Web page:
Island coins, 1984
Island coins, 1984

1984: Notes and Coins

In the 1970s, inspired by the income earned from Postage Stamps it was suggested that, if St Helena had its own currency, money could be made by selling coin sets to numismatists. The new currency would be the St Helena Pound, ISO code ‘SHP’, and would be linked 1:1 with the British Pound, GBP. The passage of the Currency Fund Ordinance of 1975 and the Currency Regulations of 1976 established a currency board and the new St Helena pound became Legal Tender. The first St Helena banknotes were issued on 2nd February 1976 and the first coins were issued on 3rd January 1984.

Income was indeed earned from numismatists, though as with the Postage Stamps the returns made very little impact on St Helena’s budget. Income from the Currency Fund averaged £191,000 for the period 2006/07 to 2012/13 and, once costs were deducted for printing notes, minting coins and investment management charges, the averaged net income was £99,000 a year.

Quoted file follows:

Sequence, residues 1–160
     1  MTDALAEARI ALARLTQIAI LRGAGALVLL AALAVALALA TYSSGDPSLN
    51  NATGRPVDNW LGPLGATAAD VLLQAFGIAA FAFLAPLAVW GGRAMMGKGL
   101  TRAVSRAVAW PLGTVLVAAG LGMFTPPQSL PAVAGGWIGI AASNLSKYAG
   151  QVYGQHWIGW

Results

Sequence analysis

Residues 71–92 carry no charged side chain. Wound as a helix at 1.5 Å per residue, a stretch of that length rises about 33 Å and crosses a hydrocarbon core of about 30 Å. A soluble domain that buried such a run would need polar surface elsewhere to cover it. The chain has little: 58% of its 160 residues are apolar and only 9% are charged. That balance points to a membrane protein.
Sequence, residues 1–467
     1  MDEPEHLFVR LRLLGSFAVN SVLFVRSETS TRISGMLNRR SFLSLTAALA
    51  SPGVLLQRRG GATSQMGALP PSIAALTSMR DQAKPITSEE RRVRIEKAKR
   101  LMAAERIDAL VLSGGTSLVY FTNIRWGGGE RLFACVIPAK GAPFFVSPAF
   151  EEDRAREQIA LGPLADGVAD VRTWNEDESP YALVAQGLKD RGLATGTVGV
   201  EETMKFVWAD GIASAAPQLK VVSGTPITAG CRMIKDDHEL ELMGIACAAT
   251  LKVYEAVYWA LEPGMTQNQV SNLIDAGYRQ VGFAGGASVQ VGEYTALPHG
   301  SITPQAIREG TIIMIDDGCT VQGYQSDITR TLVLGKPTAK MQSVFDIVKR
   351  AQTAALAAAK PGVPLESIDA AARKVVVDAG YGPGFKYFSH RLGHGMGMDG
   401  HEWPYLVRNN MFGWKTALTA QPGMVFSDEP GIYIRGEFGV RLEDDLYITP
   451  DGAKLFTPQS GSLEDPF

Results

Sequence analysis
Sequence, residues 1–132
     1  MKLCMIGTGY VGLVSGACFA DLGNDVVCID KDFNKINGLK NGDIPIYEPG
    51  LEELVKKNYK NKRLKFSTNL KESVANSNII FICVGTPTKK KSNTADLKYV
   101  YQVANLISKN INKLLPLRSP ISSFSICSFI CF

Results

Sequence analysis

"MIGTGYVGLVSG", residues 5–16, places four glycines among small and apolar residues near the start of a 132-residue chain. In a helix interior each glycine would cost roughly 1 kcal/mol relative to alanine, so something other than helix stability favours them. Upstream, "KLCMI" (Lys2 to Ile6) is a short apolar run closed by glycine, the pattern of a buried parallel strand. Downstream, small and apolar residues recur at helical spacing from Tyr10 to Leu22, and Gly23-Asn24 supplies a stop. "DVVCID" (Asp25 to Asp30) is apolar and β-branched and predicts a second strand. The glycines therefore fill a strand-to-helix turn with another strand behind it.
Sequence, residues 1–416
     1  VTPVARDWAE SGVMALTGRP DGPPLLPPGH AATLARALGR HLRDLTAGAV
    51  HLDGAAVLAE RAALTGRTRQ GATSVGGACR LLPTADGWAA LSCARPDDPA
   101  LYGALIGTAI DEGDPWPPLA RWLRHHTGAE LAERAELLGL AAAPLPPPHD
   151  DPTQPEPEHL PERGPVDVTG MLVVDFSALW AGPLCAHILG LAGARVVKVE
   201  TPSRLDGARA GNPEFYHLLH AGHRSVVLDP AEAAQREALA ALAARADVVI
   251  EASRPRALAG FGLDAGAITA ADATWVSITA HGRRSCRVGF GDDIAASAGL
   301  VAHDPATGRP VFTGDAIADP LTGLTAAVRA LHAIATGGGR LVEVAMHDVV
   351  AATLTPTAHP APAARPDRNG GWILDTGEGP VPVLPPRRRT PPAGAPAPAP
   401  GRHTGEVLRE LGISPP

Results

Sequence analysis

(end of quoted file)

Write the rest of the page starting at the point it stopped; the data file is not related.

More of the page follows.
Recently the decision has been questioned. it has been pointed out that the income from coin sales goes to the Government of St Helena, but individuals and businesses on St Helena incur costs converting SHP into GBP to pay for goods and services sourced from overseas. It has been suggested that these costs may approach, or even exceed the profit gained, resulting in a net negative impact on the economy. At the time of writing this is still under review.

You can learn more about our notes and coins and monetary history on our page Notes and Coins of St Helena, and the article ‘St Helena’s Forgotten Currency Board’ may also be of interest.

1994: Coffee Production

1994: Coffee Production